From whatever one had read or heard so far, the Union Budget might bring in some significant, progressive changes to the savings and investment-related aspects of income tax. Of course, it's possible that none of these may actually happen. January is traditionally the time when the finance ministry paints rosy visions of the future, most of which are dashed to the ground by the end of February. However, if there's one year when one has some reason to hope for the best, it is 2013. Last year, with the terrible fiscal situation and the prevailing back-to-the-seventies attitude in the government, there was little expectation of anything positive on this front and the budget definitely didn't belie the low expectations.
This year, the atmosphere is quite different and one can genuinely hope for something more meaningful. From the indications so far, here's superset of the changes one can expect. 1) Increase in the section 80C investment limit from Rs 1 lakh, perhaps to Rs 1.5 lakh. 2) Inclusion of the Rajiv Gandhi Equity Savings Scheme in the investments permitted under 80C. 3) An exemption aimed at pension products from mutual funds, either as part of the 80C limit or separately. 4) Removal of long-term capital gains for returns earned from infrastructure bonds.
Unlike some earlier years, the changes seem sharply focussed on encouraging tax-payers to invest more, rather than just on tax-relief, which is welcome. If one discounts gold and property and counts only financial instruments, most Indians are under-invested. We invest only to the extent that will get us tax relief. In fact, if the government were worried about balancing tax revenue foregone with encouraging investments, then it would be best to create another tier of 80C that is larger but with a correspondingly lower tax relief.
Here's an example. Currently, investments made under 80C are deducted from one's taxable income. If the limit is raised from Rs 1 lakh to 1.5 lakh then the revenue foregone would go up by 50 per cent. However, the FM should instead raise the limit to Rs 2 lakh but allow only 50 per cent deduction above the Rs 1 lakh limit. This would mean the same revenue foregone but encourage double the investment. It would also lead to double the long-term benefit that the investor would derive from returns on the investments—a win-win situation for the saver as well as the government.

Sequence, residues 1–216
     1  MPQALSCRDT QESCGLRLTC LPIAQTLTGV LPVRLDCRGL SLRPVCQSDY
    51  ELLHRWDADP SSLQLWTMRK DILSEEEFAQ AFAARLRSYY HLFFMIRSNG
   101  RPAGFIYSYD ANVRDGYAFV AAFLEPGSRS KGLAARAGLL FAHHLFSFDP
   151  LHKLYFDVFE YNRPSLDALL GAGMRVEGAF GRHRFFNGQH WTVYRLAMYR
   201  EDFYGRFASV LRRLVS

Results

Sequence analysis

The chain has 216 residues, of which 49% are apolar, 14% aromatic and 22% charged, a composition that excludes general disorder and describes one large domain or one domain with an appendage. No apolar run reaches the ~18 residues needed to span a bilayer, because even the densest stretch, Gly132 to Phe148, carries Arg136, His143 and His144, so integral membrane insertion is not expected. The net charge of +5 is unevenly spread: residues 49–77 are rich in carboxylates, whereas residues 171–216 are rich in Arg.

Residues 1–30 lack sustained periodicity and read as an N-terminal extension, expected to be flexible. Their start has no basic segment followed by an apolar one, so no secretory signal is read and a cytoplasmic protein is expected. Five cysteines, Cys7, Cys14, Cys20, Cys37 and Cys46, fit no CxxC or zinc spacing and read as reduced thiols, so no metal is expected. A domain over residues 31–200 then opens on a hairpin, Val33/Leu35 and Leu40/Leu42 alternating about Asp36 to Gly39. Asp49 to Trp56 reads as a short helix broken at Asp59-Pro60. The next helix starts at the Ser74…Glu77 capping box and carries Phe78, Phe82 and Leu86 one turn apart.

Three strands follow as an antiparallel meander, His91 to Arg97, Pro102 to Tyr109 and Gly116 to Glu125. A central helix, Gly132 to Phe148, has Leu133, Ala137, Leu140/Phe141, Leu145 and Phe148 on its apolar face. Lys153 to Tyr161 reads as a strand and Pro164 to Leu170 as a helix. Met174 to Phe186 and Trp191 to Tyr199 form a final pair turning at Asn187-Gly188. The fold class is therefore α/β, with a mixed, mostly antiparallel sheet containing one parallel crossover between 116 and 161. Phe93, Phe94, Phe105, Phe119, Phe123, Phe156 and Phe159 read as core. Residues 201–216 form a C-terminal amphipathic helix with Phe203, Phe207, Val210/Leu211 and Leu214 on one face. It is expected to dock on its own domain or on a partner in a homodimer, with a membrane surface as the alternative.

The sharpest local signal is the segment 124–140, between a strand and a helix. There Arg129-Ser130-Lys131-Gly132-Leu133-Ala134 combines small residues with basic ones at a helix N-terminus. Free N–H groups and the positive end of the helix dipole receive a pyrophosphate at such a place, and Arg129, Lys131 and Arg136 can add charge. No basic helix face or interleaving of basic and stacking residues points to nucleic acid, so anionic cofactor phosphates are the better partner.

Of course, it is another matter that keeping the 80C limit frozen for years on end is fundamentally unfair. Compared to when this limit was fixed, the value of Rs 1 lakh is now down to less than half. Back in the late nineties, Rs 1 lakh was a lot of money and many middle-class taxpayers were unable to exhaust the limit. The 80C limit should ideally be linked to the cost-inflation index and thus be automatically revised upwards every year.
The idea of pension-linked exemption is also a great one, provided these investments flow into equity-linked products and stay locked-in till retirement age. However, it would be best if the pension investments are tracked through a pension account, rather than a fixed investments that stays locked into a specific fund. This 'retirement account' idea was actually mooted in the first draft of the DTC but was subsequently dropped because it was thought to be too complex to implement. Surely, that's not actually true.
The move to include the Rajiv Gandhi Scheme in 80C would be interesting and would in fact rescue it from irrelevance, provided savers could use it every year instead of only once in a lifetime.
All in all, savers and personal finance advisors have a lot of reasons to look forward to what Mr Chidambaram will reveal. Certainly, if these measures are taken, there will be a boost to investments flowing in to long-term investments. And who knows, perhaps some reduction in the amount flowing into gold.